Carlos Zubillaga has also studied the process that ended with the incorporation of José Luis Romero to the School of Humanities and outlined the strong differences with Ravignani’s case. In September 1948, Romero was invited by the Public Instruction Ministry to dictate a couple of conferences in Montevideo. In this context, a group of students of the School of Humanities asked the Dean to invite him to dictate two conferences. Afterwards, it was Romero who suggested the secretary of the School his incorporation to the teaching body. The answer was positive and, since 1949, he was hired to dictate “Introduction to Historical Studies” and “Philosophy of History” courses. Apparently, it was Ravignani who informally consulted Romero about the possibility of his hiring in Uruguay, which in a certain way reveals the solidarity produced by the common condition as political persecuted in Argentina. The hiring of Romero did not generate, in opposition to Ravignani’s, great public controversies, in part because he did not held a hierarchical position in the university structure, but also because Romero did not have Ravignani’s public relevance.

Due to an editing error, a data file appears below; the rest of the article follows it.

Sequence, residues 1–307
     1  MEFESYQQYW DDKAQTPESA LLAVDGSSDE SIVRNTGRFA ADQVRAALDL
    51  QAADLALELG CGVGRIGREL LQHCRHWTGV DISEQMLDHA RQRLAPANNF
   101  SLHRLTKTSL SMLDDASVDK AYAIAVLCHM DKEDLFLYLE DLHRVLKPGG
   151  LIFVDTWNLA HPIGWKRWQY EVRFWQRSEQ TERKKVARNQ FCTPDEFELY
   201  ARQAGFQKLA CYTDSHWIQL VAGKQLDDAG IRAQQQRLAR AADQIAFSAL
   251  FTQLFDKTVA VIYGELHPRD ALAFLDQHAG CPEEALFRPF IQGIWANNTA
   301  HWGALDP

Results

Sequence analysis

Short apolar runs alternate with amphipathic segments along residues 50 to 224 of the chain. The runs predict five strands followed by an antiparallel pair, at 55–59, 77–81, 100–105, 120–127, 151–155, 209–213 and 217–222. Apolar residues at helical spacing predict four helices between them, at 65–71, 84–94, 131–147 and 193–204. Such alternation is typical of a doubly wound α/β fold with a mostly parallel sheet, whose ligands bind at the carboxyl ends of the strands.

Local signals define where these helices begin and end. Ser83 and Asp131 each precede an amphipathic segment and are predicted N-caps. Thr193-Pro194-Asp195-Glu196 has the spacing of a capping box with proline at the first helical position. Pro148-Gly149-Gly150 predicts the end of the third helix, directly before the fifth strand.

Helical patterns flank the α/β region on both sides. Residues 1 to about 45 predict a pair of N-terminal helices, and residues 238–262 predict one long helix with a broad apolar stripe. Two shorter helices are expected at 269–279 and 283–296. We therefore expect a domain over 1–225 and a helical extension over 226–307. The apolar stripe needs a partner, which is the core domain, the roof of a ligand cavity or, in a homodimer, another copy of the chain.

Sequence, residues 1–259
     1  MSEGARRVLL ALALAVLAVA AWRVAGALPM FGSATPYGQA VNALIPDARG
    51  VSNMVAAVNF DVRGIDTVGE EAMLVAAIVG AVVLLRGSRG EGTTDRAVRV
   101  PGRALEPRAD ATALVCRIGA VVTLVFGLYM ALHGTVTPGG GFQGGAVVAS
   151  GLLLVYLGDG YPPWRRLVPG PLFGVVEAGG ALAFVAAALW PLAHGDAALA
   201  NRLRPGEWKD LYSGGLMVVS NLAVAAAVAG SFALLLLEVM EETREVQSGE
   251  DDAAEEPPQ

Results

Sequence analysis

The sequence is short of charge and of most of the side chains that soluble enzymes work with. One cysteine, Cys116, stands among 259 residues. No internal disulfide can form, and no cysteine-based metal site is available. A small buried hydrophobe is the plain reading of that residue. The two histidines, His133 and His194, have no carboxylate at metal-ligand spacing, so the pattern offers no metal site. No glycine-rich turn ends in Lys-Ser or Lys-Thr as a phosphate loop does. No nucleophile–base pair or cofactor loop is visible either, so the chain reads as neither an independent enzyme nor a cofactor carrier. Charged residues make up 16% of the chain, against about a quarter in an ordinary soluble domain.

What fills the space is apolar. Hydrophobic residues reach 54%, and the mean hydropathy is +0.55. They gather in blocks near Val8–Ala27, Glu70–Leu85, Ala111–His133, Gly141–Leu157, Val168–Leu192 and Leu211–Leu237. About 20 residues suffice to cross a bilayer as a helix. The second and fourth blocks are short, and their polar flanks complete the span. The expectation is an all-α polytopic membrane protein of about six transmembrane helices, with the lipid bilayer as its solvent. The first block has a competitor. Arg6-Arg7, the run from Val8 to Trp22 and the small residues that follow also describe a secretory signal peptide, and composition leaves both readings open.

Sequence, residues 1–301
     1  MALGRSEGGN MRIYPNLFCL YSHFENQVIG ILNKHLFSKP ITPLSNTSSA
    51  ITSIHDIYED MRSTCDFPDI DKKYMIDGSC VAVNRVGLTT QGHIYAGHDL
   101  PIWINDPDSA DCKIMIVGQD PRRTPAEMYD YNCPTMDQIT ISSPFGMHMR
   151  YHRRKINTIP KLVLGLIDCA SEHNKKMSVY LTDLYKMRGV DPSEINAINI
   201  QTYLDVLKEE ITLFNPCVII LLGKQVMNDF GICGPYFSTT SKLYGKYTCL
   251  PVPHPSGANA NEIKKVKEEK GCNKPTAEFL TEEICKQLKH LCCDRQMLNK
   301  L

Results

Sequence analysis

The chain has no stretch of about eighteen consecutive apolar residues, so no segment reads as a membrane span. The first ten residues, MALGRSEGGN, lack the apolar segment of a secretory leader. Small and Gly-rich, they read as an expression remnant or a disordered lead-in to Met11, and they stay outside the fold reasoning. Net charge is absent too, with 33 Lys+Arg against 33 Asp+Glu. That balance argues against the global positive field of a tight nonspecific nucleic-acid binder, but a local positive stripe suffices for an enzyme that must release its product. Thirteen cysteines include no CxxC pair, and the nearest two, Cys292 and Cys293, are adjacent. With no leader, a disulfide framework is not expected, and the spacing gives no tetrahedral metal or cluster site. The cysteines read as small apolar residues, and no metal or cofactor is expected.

Romero’s historiographical perspective diverged from the adopted by Ravignani in similar courses. While the latter proposed focusing classes in the matters fundamentally related to documental critique, Romero explored conceptual aspects, topics related to knowledge theory and the problem of the truth and historical criteria. In addition, the course dedicated a relevant space to historiographical themes. In 1950, Romero was hired to dictate the Philosophy of History and Contemporary History courses. Afterwards, he was asked to dictate a History of Culture seminar. The differences between them in terms of historiographical orientation can also be noticed in the reading of a text written by a student of this last seminar, Carlos Visca, that was published in the School of Humanities and Sciences Review. The work, focused on the “Moral Structure of the Middle Classes” at the ends of the nineteenth century and beginnings of twentieth had been elaborated for the History of Culture seminar taught by Romero. Unlike the works that Ravignani motivated, based on original archive sources analysis and institutional and legal texts, Visca’s text was based on novels and literary texts. It was about, the author affirmed, an essay about thinking and moral feeling of a determined social layer in an enclosed historical period. He affirmed then, emphatically: “The archives are not the place where we should look for our information, because little or anything useful could be found that reflected light over the mentality of our subject.” Visca wanted to reconstruct the evolution and transformations of the bourgeois mentality and the conformation of the modern ideas of progress, nationality, family, class and upward mobility.